Tag Archives: George W. Bush

What is the difference between the New York Times, the New York Post, and the New Yorker?

Newsroom of the The New York Times circa 1920

Reporters in the newsroom of the The New York Times circa 1920.

See Sonny Bohanan’s answer to this question on Quora.com: What is the difference between the New York Times, the New York Post, and the New Yorker?

By Sonny Bohanan

The New York Times and the New York Post are daily newspapers that publish 365 issues a year — 366 on leap years — and the occasional “extra” edition in the event of world-shaking news, like the Sept. 11 terrorist attacks. The New Yorker is a weekly magazine that publishes 47 issues a year, covering news, the arts, culture, and anything else of interest.

The three are different in many respects but similar in one: Based in New York, they all focus a good deal on things that happen in that city. The Post is the most New York-centric of the three.

The Post and the Times differ in tone, style, appearance, and story subjects — their personalities. The Post is a tabloid, which describes both its size and its attitude. It has a magazine format that can be more easily read by subway commuters. The Times is a broadsheet, which is difficult, in a crowd, to open to the inside pages.

New York Post cover from February 2016

New York Post cover from February 2016, the day after the Iowa presidential caucus.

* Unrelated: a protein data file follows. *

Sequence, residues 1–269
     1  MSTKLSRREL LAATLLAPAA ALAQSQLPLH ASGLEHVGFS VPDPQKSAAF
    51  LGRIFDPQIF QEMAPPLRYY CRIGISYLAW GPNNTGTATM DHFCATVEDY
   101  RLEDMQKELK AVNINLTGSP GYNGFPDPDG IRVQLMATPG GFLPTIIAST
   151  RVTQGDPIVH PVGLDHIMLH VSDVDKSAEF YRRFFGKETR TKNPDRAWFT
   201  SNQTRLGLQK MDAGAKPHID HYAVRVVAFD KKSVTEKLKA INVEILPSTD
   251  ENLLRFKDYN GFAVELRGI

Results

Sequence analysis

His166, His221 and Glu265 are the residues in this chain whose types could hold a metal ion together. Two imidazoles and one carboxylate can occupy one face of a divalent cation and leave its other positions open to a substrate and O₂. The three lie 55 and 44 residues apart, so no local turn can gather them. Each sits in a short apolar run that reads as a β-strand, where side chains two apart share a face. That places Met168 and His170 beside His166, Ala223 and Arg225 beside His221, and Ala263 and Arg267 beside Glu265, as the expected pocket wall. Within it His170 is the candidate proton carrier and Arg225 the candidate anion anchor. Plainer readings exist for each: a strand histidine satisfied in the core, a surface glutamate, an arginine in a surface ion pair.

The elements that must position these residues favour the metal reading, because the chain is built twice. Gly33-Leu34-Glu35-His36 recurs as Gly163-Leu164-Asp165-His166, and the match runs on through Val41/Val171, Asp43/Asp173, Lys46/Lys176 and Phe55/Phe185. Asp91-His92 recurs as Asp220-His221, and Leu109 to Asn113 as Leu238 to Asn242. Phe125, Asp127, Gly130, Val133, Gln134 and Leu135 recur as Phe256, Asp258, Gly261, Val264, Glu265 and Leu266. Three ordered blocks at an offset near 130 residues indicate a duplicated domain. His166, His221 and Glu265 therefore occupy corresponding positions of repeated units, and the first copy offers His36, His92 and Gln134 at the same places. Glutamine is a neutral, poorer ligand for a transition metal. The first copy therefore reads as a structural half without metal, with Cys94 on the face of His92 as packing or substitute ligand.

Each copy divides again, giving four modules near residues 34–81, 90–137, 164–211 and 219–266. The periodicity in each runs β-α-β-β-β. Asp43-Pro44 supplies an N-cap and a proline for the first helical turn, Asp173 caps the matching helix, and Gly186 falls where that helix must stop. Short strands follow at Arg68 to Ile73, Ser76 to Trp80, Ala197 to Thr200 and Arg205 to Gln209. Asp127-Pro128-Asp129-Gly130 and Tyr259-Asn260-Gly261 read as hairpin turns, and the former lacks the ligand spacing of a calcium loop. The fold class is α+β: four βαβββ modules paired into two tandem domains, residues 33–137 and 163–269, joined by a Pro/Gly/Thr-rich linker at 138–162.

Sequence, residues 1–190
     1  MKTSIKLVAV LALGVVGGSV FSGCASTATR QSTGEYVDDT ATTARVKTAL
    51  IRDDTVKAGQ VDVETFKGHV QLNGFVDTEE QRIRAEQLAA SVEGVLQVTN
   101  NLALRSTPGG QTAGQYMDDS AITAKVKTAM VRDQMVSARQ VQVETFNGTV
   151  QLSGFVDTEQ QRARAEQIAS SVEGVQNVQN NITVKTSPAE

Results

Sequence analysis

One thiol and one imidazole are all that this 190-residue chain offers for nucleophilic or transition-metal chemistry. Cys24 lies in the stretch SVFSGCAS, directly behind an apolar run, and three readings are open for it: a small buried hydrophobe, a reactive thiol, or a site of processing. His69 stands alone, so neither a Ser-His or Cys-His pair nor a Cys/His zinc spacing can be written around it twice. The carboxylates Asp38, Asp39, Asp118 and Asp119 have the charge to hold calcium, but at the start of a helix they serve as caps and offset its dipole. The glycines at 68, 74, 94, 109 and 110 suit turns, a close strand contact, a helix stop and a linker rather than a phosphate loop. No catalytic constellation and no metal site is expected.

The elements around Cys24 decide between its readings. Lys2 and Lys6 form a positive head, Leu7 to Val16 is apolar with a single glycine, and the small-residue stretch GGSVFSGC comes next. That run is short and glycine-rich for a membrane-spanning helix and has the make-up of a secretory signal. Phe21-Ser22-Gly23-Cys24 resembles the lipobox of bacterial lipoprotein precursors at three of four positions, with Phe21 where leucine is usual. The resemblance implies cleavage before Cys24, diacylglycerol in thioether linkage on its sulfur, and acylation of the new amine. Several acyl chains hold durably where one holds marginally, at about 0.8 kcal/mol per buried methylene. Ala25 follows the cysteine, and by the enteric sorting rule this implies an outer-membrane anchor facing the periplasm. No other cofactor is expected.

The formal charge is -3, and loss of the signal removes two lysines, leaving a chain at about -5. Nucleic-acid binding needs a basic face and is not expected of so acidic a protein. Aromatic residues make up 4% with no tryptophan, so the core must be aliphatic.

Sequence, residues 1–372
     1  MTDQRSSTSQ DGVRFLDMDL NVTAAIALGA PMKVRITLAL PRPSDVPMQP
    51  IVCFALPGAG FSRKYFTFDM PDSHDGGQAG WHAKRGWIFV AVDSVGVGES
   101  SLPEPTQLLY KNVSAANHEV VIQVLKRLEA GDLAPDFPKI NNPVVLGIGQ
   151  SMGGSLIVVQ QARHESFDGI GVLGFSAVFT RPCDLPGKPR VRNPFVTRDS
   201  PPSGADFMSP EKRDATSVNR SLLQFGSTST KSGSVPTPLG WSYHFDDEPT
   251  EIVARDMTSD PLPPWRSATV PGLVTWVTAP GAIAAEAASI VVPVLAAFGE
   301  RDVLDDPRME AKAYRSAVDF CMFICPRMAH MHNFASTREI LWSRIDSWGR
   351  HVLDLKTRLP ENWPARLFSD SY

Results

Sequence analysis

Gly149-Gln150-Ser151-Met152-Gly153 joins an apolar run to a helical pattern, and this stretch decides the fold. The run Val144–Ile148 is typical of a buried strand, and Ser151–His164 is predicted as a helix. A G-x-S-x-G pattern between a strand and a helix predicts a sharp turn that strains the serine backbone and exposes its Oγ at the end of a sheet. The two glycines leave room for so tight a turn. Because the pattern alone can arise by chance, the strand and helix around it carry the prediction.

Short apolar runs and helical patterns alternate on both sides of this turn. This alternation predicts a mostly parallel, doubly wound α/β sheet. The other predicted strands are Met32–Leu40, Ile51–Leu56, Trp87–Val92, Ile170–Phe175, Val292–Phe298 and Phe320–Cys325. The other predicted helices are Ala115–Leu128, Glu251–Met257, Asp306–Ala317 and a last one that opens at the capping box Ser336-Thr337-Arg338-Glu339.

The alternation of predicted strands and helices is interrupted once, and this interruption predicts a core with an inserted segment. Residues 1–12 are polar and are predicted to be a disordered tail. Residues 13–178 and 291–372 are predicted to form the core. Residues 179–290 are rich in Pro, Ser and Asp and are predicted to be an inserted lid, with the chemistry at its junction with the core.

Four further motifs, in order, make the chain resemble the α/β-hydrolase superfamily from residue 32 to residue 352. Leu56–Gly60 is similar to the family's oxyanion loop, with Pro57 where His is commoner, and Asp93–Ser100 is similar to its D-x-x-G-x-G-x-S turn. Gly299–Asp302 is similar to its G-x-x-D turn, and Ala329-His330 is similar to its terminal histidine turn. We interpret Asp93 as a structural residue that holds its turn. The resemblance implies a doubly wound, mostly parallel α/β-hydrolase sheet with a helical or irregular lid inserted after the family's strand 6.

The Post gives more prominence to salacious  stories — sex, drugs, scandal, betrayal, and such — and it is designed with a lurid red and black color scheme reminiscent of true-crime novels. The bold, clever, and often risqué front-page headlines are my favorite feature of the Post. Some headlines I enjoyed:

CLOAK AND SHAG HER (CIA boss Petraeus resigns over sexual affair)
HO-NO! (Gov. Spitzer gets caught with a prostitute)
A-FRAUD (Pretty much any story about former Yankee player Alex Rodriquez, aka A-Rod)
WEINER EXPOSED (Pretty much any story about former New York Congressman Anthony Weiner)

The Times, meanwhile, is recognized as the best newspaper in America — maybe the world. It is an annual winner of Pulitzer Prizes, having so far amassed 117 of them, beginning in 1918 for its coverage of World War I.  The Times is one of the few newspapers that has been successful in monetizing the Internet because it is so well-known and respected that people worldwide are willing to pay a subscription fee to read it online.

New York Times cover on September 12, 2001

The New York Times cover for September 12, 2001.

The Times is filled with national and international news, and it has a section for virtually any interest under the sun: Opinion, books, the arts, food, movies, sports, health, science, technology, business, weather, fashion, theater, home and garden. The strength of its brand and the advertising and subscriptions it commands give the Times the wherewithal to continue deploying reporters all over the globe, a rarity.

Of the three publications we are comparing, the Times has by far the largest editorial staff. It also is known for the more formal voice of its writing. While other newspapers refer to their story subjects, on second reference, only by last name, the Times uses courtesy titles such as Ms., Mr., Dr., and Senator in every instance. So where Tom Hanks becomes “Hanks” after first reference in the Post, he will forever be “Mr. Hanks” in the Times, or so we can hope. It is one of the last remaining online spaces where we still daily witness civility, or a reasonable facsimile thereof.